FalconLower Bridge Street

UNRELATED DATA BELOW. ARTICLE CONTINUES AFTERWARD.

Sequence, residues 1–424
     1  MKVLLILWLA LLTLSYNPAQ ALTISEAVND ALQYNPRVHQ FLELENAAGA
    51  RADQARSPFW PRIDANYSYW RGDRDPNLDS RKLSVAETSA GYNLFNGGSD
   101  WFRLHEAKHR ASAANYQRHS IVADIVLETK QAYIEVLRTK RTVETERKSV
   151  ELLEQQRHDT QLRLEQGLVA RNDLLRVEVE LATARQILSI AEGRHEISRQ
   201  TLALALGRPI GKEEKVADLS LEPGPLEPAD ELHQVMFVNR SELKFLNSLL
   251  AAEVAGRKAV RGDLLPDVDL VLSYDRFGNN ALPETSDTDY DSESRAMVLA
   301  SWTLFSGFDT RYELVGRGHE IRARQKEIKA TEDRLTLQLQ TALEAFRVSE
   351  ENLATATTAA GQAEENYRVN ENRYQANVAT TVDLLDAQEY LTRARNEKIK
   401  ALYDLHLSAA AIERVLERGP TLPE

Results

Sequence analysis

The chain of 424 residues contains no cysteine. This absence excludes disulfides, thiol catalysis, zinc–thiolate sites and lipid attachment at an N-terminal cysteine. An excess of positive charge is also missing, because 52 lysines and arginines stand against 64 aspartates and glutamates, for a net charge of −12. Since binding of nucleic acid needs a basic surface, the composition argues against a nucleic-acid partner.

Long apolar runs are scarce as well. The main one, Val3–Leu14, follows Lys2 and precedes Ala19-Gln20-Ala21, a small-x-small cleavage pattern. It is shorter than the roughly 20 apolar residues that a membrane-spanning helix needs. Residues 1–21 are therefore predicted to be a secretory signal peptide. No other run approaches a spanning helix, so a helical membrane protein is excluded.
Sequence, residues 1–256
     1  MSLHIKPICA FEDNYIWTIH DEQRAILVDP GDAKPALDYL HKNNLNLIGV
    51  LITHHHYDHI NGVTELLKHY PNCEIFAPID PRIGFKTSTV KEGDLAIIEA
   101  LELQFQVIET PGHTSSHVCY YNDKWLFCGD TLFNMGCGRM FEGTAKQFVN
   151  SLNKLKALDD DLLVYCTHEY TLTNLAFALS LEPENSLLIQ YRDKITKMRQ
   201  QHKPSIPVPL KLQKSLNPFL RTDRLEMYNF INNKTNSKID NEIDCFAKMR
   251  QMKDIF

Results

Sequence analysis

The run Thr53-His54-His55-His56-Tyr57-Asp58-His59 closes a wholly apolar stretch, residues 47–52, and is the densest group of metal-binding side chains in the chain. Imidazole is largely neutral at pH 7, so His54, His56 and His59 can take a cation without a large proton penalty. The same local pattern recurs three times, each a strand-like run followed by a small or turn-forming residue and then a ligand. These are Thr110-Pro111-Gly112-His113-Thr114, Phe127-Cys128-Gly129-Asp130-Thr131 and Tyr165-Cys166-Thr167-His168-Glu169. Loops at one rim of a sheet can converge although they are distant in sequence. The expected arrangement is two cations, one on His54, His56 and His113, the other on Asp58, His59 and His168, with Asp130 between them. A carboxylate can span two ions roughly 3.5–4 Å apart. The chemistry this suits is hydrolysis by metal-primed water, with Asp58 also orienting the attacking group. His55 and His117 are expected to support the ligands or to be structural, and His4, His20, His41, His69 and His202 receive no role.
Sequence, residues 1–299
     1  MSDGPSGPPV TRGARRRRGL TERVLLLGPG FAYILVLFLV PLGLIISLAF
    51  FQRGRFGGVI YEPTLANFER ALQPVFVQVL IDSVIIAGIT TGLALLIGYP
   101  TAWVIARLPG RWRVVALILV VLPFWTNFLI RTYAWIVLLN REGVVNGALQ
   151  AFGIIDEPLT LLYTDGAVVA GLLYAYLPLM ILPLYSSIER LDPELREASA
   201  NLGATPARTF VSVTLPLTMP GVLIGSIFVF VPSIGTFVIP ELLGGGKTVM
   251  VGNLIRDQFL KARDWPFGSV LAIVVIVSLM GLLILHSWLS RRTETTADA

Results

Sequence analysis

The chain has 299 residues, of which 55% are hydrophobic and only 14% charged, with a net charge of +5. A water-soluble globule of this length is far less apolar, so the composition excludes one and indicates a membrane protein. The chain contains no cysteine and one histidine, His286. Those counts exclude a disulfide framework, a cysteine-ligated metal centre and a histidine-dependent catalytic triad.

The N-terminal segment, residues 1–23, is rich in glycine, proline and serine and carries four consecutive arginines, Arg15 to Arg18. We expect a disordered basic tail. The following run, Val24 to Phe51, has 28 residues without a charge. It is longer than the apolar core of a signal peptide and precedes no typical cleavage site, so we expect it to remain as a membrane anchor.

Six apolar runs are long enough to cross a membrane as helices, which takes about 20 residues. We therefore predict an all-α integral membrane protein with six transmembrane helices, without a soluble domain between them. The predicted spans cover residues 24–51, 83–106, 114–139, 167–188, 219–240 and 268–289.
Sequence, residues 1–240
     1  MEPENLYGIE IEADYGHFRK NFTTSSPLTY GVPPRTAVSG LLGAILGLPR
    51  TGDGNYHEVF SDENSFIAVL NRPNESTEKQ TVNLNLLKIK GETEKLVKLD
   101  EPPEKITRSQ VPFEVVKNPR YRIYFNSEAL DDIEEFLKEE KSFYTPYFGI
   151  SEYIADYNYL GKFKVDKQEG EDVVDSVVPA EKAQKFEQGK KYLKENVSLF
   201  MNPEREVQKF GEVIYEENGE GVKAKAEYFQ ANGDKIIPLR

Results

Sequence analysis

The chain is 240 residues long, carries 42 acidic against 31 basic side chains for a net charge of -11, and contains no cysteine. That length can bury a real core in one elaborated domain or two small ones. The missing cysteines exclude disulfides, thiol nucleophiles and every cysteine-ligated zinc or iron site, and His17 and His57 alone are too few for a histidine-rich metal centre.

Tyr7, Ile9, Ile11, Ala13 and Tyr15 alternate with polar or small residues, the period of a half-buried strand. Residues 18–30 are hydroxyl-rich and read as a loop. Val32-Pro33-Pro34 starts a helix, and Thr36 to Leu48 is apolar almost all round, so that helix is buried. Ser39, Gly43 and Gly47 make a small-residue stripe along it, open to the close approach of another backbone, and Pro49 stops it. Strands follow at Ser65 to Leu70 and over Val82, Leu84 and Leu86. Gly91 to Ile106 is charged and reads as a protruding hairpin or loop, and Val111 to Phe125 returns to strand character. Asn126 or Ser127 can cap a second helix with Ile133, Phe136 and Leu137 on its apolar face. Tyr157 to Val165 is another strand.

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The Falcon is a famous Chester landmark, easy to find, being a striking half-timbered substantial building set on a large crossroads in the town centre. A traditional style pub in an impressive black and white building which is the surviving half of a Twelfth century mediaeval town house. Situated within the city walls on the edge of the main shopping area, it attracts a varied clientele. The two-roomed back bar has a stairway leading to an upstairs (but rarely opened) function room. Purchased by the Grosvenor family in the 1600s, the building was extensively modified and haphazardly repaired in the 19th century. It was then that it was first used an an inn and a "cocoa house". In 1979 the Grosvenor estate donated the building to the Falcon Trust. After extensive restoration work, the Falcon was re-opened in 1982 by the Duke of Westminster. Of particular historic note are the large stone piers and a late medieval timber partition in the front bar which are the remnants of an elevated "Row" similar to those which can still be seen in Chester's main streets. Possessed of a spacious bar, with traditional surroundings, it serves traditional beer from Tadcaster in Yorkshire and traditional food. Popular with tourists and locals alike, it can be busy in the evenings and at weekends. This is one of two outlets for Sam Smiths in Chester - the Boot being the other.